Basements

Published on March 10th, 2015 | by Henri

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Insulating a basement

Q.  My basement is basically unheated. Would it be advantageous to put insulation around the ductwork or to insulate that particular space between the floor joists where the ducts are? Also, I notice that above the foundation where the end cap 2×10 is for the floor joists, it seems colder than the rest of the basement. Can I or should I put some sort of insulation against this end cap? Could I use rigid foam?

A.    If your basement has any appliances such as the furnace or boiler, a clothes washer and dryer, or you use it as a workshop, it is best to insulate its walls, but do not do so lower than three feet below the outside grade unless you are sure that the foundation has a working drainage system and that it has been backfilled with coarse material for good drainage.

Insulating a basement or crawl space all the way to the floor is taking a risk that frost may go down deep and crack the walls unless the steps mentioned above are in place.

If your basement is not used at all, insulating between the floor joists is an option. You should, however, case the ducts and pipes into a chase and insulate the exterior of the chase so that heat from the first floor can keep the pipes and ducts warmer.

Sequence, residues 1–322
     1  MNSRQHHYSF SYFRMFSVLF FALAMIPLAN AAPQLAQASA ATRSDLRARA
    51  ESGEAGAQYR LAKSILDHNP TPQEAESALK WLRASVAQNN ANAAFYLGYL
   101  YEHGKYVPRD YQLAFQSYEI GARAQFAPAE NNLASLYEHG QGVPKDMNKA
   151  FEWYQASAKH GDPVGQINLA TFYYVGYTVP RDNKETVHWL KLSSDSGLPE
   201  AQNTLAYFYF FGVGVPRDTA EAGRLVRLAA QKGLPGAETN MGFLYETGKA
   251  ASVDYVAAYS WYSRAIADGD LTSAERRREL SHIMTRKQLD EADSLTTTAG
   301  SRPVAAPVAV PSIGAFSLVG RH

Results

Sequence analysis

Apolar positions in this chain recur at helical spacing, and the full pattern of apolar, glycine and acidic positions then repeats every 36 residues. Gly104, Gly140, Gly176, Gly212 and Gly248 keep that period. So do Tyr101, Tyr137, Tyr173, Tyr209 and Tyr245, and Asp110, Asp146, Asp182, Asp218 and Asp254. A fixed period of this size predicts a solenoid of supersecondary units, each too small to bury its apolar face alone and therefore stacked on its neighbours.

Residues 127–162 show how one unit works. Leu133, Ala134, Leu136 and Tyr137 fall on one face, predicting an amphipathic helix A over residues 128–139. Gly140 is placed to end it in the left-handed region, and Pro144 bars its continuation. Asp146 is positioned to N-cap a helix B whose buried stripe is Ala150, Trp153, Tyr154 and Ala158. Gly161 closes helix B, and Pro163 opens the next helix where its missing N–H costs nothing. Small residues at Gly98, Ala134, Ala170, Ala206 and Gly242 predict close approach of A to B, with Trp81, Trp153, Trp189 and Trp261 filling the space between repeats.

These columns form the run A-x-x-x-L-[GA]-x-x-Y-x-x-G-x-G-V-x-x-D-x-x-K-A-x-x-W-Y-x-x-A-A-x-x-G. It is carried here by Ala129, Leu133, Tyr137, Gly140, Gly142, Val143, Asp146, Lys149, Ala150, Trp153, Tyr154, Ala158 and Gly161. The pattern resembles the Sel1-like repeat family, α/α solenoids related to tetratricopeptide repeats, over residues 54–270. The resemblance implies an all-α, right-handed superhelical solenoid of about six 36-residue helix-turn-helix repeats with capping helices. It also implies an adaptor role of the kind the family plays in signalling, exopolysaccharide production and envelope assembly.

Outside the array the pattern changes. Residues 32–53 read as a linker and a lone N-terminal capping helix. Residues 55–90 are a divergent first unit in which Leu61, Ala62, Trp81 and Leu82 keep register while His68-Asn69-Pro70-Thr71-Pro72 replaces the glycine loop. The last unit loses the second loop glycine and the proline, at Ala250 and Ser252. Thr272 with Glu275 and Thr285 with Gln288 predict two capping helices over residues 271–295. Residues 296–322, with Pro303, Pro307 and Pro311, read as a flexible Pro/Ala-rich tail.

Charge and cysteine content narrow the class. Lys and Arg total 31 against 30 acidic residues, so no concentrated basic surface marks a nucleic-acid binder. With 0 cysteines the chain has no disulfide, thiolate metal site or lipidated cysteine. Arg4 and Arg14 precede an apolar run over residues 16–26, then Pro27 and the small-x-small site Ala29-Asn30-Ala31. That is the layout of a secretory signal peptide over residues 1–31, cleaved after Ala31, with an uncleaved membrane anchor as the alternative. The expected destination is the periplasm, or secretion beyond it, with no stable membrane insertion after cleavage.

Regardless of what you decide to do, you should insulate the band joists (which you call the end cap), as there is a great deal of heat loss through them (one percent or more of the total house losses in such a small area, according to some authoritative studies.) You can do so with fiberglass batts with an integral vapor retarder, or unfaced batts that will need to be covered with a plastic vapor retarder.

Or you can use rigid foam. If you choose  foam, use boards that are two inches thick and caulk their perimeter once you have set them in place. If you choose fiberglass, cut the batts one inch longer than the depth of the joists (to ensure a tight fit), push them in against the band joists without squeezing them, and staple the edges of the integral vapor retarder or the plastic to the floor joists. Be aware that if you do not use a vapor retarder, moisture will migrate through the fiberglass and condense against the cold band joists; this will lead to potential rot.

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